Day 4: Dec 31, 2002
Ensenada to Cataviña (272mi)

Today I took Mexico Route 1 South to Cataviña (pronounced ``cat-ah-bean-ya''). The road was fairly uneventful.

on Mex 1 south of Ensenada

at a Pemex (state-sponsored Gasoline monopoly)

Since I hadn't really ridden on any unpaved roads before, I figured I should try it out before committing to the over 100 mi of it I had ahead. I rode a dirt road from Rt. 1 a few miles to the Pacific Ocean. Along the way I pased a group of un-occupied buildings. It looked like it might be a school. The ride on the dirt road was very challenging, but passable. I decided I should try and tackle the dirt road ahead and at least see how far I could get.

dirt road to Bahia Colonet - road to Pacific ocean

dirt road to Bahia Colonet - bike, Pacific, cliffs

dirt road to Bahia Colonet - school?

I arrived in Cataviña an hour after sunset. I had hoped to camp in the hills nearby (which the Lonely Planet book suggested), but it was pitch black and cold by the time I arrived, so I stopped at the first place I came to - Cabanas Linda.

Cabanas Linda is the crappiest motel I've ever been to. It would probably rate negative 2 stars. But it only cost $20 for the night, and it was an adventure, so I can't complain. It is a pink cinderblock building with no heat and no hot water, and they turned the electricity off at 10pm (on New Years Eve, nontheless!). I was the first visitor to arrive, and when I got there there was no running water (they later turned on the pump).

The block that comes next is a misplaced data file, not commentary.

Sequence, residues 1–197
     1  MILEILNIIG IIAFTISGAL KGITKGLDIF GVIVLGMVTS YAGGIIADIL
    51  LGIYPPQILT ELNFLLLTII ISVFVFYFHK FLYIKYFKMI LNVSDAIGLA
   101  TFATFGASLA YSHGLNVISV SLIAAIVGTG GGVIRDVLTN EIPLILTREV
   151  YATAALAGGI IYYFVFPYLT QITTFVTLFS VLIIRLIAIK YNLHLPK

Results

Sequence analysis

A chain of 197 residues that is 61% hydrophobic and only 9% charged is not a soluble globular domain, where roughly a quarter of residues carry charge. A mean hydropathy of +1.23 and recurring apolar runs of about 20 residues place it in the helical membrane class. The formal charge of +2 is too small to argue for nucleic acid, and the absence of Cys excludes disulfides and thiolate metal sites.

Cabanas Linda in Cataviña - sign

Cabanas Linda in Cataviña - bike by rooms

Cabanas Linda in Cataviña - room (night, full)

Cabanas Linda in Cataviña - room (morning, empty

Cabanas Linda in Cataviña - bathroom

Cabanas Linda in Cataviña - shower

Cataviña is a teeny town. There are 3 businesses - Cabanas Linda, a food stand, and a ``Resort Hotel''. There are no public services - electricity, sewer, water, etc. The restaurant in the hotel was the only place open for dinner.

The hotel was actually quite fancy, although a far cry from a resort. After a yummy American dinner, I talked with 2 American tourists who were at the table next to me. We chatted for a few minutes and they invited me back to their room to celebrate New Years Eve later on. I was back at my room writing in my journel at 10pm when Cabanas Linda turned off the electricity. I took that as my cue to go over to the hotel to visit with the guys I met at dinner. It was great to talk with people about my adventures. Up until this point, I hadn't really met or conversed with anyone on my trip. I enjoyed the isolation I had - the time to think and reflect while I was riding, and the independence to make (and really be forced to make) all my own decisions. But it was really nice to have another outlet for my thoughts and feelings besides just my journel.

The travelers I met were really nice guys. They had been coming down to Baja from the Los Angeles area for about 4 weeks a year for many years. They were impressed with the adventures I had experienced so far and they thought I was crazy to attempt the unpaved roads on my street bike, which only made me more determined to give it my best and not give up.

Next: Day 5 Cataviña to Campo Miramar

Day 1 San Francisco to Los Padres National Park
Day 2 Los Padres to Lancaster, CA
Day 3 Lancaster to Ensenada, Baja
Day 4 Ensenada to Cataviña
Day 5 Cataviña to Campo Miramar
Day 6 Campo Miramar to Stalton Sea, CA
Day 7 Stalton Sea to Las Vegas, NV
Day 8 Las Vegas to Death Valley National Park
Day 9 Death Valley to Minden, NV
Day 10 Minden to San Francisco